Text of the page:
Dr Smith has been involved with equine embryo transfer since 2004. Each year in Australia the demand for horse embryo transfer increases. Embryo transfer in the horse involves collection and transfer of an embryo from one mare (donor) into another (recipient). The donor mare and stallion contribute their genetics to the foal, not the recipient. The recipient will help determine the size of the foal at birth but its subsequent growth is determined by its own genetics and nutrition.
The donor mare can be bred by fresh, cooled or frozen semen and breeding techniques are identical to breeding mares destined to carry their own foal. The day of donor ovulation (day of egg release) is termed day 0. Embryos may be removed from the mare by non-surgical flushing on day 7 ,8 or 9. When an embryo is obtained it is washed and graded and transferred into the recipient mare. The recipient mare should have ovulated within one or two days of the donor.
The first pregnancy test on the recipient can be determined as early as 5 to 6 days after embryo transfer (day 11 to 12).
On occasion embryos can be cooled for transport to another facility or may be frozen for long term storage prior to being
inserted into the recipient.
Advantages to Embryo Transfer
- Obtaining pregnancies from Show mares. The most common reason for using the technique is to obtain pregnancies from Competition/Show mares. We are routinely asked to collect embryos from mares that are still actively competing in both Campdrafts and Cutting competitions.
- Obtaining multiple pregnancies per season. The ability to obtain multiple pregnancies from a mare in one season ensure that;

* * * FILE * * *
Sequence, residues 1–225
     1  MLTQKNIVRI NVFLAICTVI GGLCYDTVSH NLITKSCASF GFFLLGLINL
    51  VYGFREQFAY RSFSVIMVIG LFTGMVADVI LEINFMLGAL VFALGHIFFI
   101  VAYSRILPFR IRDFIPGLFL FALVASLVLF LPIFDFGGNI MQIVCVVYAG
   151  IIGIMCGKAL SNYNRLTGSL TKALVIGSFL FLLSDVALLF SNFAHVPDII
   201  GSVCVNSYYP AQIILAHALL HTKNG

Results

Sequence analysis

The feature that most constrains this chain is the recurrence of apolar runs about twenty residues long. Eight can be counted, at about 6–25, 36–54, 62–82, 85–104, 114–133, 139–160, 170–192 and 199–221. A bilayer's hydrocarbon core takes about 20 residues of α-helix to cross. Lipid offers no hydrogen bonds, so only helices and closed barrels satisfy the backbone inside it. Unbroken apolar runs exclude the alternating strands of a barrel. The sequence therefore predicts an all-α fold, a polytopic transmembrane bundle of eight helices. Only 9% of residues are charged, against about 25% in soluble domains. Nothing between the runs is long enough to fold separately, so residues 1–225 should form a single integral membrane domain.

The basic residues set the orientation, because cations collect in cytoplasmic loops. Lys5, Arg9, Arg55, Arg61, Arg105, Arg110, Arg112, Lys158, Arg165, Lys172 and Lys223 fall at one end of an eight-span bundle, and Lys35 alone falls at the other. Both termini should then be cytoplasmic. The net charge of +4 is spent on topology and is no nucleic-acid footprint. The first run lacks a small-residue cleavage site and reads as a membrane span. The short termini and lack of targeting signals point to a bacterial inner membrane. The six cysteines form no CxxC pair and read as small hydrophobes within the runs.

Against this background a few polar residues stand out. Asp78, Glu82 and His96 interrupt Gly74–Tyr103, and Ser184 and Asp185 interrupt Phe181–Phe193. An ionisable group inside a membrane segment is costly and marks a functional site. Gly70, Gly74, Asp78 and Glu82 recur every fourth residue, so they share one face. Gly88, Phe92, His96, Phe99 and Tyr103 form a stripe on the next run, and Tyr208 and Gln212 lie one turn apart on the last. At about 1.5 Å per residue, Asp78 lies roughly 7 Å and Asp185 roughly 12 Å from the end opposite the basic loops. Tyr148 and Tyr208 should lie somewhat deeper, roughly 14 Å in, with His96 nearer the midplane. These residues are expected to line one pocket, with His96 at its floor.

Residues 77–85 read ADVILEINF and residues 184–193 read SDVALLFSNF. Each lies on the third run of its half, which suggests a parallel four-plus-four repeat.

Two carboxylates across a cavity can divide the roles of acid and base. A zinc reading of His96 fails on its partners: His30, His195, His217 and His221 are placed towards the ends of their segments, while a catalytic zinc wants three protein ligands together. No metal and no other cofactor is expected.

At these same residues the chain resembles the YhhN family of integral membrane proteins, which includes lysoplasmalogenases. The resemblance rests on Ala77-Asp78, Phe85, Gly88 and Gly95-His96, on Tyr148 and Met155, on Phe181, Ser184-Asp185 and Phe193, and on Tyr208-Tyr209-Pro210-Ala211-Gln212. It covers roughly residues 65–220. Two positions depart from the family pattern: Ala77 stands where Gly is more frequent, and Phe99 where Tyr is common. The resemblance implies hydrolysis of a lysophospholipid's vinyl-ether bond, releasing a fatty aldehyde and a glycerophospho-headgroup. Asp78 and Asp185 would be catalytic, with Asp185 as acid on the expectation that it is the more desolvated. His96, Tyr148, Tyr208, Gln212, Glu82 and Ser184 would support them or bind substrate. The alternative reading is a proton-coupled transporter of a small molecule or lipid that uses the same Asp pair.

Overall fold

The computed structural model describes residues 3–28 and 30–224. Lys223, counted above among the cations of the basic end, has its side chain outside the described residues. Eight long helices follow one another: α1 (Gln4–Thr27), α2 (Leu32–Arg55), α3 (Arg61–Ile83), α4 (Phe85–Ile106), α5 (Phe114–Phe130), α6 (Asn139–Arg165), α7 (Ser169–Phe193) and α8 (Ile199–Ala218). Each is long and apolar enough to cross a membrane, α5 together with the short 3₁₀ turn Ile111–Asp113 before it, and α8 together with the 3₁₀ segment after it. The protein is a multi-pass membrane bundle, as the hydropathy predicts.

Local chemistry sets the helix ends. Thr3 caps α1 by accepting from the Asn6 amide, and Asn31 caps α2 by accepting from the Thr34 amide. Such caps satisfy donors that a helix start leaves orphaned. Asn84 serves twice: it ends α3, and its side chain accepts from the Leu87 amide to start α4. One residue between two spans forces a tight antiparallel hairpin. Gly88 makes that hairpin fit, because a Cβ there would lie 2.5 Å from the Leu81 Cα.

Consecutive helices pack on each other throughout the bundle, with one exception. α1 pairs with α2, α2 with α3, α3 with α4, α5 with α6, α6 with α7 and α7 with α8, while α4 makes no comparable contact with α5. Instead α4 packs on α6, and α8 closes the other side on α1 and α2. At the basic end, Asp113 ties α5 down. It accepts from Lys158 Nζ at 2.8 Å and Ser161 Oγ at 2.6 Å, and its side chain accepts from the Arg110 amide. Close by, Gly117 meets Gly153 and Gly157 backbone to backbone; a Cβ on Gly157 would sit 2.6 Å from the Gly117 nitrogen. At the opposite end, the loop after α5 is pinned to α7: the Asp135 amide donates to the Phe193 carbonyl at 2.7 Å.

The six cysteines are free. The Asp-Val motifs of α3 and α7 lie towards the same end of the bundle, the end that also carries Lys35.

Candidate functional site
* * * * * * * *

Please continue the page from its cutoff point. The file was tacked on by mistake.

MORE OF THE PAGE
- Obtaining pregnancies from 2 or 3 year old mares. This request is not as common here in Australia but quite common in the USA. We are reluctant to flush 2 year old mares but are often asked to obtain pregnancies from those promising youngsters that already show incredible potential early.
- Obtaining pregnancies from mares that cannot maintain their own pregnancies, i.e. uterine disease or mare injury. This is a common reason for using embryo transfer.
- Obtaining pregnancies from mares foaling late in the breeding season and thus enabling them to conceive earlier next season.
Disadvantages to Embryo Transfer
- Costs. On average it costs our clients between $ 4,000 - $ 5,500 per pregnancy. The largest cost associated with horse ET is the maintenance of the recipient mare herd. We frequently keep these mares for two or more years without using them. The mares are well fed and need to be carefully screened for reproductive soundness throughout the season.
- Veterinary Expertise - Considerable experience is necessary.
- Embryo recovery from infertile mares is low. Normal mares will give about 70% embryo recovery per cycle. Infertile old mares may be as low as 20%.
- Superovulation is usually unsuccessful (unlike Cattle /bovine ET) Mares usually only release one or sometimes two eggs for fertilisation per cycle. Even though considerable research into increasing the mares ovulation rate has been done is usually expensive, mostly unsuccessful and only results in one extra embryo.
Success Rates - Embryo Recovery
Embryo recovery is best from young, fertile mares and approximately 70- 90% of cycles may yield an embryo. An
important influence on embryo recovery is the fertility of the stallion. Mares that consistently multiply ovulate (Warmbloods,
etc.) have a better embryo recovery rate. The worst embryo recovery rate is from old, barren mares that have
persistent uterine infections (< 20%).
Success Rates - Embryo Transfer
The quality of the recipient mare is the most important determinant of pregnancy rate after embryo transfer. Because of this, most embryo transfer facilities (like Weatherford Equine) prefer to buy and manage recipient mares and do not accept offers from clients to supply their own mares. Non-surgical embryo transfer results in approximately 60-80% pregnancy rate per attempt.